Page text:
Despite a more challenging valuation environment following a strong recovery in markets, low returns on cash and fixed interest have seen the Fund maintain a high exposure to Equities. Pleasingly we continue to evaluate and invest in new Fund positions and we remain focused on maintaining a high level of diversification.

Top 10 Holdings







Tilt Renewables












a2 Milk


Disclaimer :  The information contained in this newsletter reflects the views and opinions of the issuer of the Aspiring Fund, Aspiring Asset Management Limited.  The content of this newsletter is not intended as a substitute for specific professional advice on investments, financial planning or any other matter, and does not take into account any particular investor’s objectives, financial situation or needs.  Investors should seek the advice of an authorised financial adviser before making any investment decisions. Although the information provided in the newsletter is, to the best of our knowledge and belief correct, Aspiring Asset Management, its directors, employees and related parties accept no liability or responsibility for any loss, damage, claim or expense suffered or incurred by any party as a result of reliance on the information provided and opinions expressed in this newsletter, except as required by law.  Please also note that past performance is not necessarily an indication of future returns.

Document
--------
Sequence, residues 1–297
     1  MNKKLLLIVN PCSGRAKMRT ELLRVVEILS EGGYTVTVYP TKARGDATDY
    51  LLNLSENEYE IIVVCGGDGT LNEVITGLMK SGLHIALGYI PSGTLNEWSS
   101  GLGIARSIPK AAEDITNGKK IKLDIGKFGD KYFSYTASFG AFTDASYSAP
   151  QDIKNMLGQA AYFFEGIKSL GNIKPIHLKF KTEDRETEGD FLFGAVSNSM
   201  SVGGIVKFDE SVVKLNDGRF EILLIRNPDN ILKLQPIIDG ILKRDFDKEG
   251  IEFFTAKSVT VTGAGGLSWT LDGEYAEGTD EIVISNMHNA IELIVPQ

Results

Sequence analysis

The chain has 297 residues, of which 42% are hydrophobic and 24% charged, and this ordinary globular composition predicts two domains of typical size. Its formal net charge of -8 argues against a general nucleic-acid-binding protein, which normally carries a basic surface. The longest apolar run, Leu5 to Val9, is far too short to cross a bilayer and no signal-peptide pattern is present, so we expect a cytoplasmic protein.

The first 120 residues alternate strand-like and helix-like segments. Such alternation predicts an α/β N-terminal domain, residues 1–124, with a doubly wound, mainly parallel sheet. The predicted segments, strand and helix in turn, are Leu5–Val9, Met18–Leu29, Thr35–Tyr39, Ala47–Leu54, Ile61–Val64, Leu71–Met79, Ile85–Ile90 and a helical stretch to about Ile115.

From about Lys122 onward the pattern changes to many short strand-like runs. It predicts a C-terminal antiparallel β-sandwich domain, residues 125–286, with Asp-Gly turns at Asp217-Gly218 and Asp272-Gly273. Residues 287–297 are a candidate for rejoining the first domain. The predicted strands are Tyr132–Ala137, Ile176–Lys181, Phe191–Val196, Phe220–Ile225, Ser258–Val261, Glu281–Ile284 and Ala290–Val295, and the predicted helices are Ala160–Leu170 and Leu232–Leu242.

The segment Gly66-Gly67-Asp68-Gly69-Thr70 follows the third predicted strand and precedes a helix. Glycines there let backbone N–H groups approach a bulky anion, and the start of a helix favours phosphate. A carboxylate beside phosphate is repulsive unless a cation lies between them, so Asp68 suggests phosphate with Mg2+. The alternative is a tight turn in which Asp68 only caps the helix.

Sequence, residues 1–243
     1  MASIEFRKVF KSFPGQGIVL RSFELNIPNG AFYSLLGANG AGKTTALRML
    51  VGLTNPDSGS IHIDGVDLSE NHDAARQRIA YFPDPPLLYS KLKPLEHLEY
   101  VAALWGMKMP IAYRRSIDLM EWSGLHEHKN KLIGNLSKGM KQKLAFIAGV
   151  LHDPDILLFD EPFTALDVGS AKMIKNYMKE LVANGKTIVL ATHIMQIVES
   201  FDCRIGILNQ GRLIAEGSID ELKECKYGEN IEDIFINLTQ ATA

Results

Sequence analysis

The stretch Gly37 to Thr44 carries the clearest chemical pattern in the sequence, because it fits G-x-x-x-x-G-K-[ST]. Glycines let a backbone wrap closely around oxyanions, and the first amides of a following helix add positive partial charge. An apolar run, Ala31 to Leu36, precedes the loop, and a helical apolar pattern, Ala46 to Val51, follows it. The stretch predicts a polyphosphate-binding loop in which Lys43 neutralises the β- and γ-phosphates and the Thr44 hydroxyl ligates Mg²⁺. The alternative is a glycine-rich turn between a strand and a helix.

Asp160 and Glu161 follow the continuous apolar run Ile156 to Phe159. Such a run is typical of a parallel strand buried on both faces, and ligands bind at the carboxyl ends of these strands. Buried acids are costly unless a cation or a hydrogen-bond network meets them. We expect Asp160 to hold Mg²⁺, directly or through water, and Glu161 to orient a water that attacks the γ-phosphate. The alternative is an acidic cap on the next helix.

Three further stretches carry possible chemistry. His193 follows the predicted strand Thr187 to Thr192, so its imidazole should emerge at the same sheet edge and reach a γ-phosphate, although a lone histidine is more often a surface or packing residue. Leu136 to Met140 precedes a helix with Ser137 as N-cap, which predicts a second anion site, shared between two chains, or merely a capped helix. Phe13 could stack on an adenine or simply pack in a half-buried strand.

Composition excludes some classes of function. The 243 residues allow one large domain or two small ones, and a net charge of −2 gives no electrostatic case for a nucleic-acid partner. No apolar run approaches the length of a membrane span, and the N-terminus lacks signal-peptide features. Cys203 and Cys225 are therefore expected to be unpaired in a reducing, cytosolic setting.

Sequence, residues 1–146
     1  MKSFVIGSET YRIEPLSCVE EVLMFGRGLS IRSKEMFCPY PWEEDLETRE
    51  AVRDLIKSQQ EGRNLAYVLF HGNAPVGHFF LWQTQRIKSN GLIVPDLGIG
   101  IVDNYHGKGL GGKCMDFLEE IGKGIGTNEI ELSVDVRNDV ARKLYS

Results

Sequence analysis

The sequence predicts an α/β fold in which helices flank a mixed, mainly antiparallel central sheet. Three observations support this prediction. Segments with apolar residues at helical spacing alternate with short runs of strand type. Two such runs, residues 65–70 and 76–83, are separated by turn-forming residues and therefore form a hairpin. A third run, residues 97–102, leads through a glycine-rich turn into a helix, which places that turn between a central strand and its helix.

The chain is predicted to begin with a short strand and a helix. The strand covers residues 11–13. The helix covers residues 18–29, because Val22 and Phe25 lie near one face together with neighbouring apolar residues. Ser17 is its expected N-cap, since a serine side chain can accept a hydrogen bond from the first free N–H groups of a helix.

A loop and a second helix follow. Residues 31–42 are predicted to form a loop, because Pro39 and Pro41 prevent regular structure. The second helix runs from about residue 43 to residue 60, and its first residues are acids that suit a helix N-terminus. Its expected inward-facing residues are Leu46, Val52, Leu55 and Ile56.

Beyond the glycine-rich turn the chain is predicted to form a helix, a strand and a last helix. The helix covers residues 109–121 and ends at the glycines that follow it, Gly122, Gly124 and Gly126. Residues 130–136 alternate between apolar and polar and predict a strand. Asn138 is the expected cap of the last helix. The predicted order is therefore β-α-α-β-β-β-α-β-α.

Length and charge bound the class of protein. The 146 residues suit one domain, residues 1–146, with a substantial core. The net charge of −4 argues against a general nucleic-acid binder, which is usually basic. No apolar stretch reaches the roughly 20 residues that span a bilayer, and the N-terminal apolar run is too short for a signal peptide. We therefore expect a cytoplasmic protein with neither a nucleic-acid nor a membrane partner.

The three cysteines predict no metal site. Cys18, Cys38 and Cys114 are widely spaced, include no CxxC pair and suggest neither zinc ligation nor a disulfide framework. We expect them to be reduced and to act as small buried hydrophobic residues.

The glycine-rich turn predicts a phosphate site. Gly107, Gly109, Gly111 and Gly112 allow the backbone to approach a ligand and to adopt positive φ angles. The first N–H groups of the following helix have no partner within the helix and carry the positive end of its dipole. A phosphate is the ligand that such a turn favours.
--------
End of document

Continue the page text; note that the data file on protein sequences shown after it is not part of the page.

For further information please read/request a copy of the Product Disclosure Statement for the Aspiring Fund (available at or contact Aspiring Asset Management..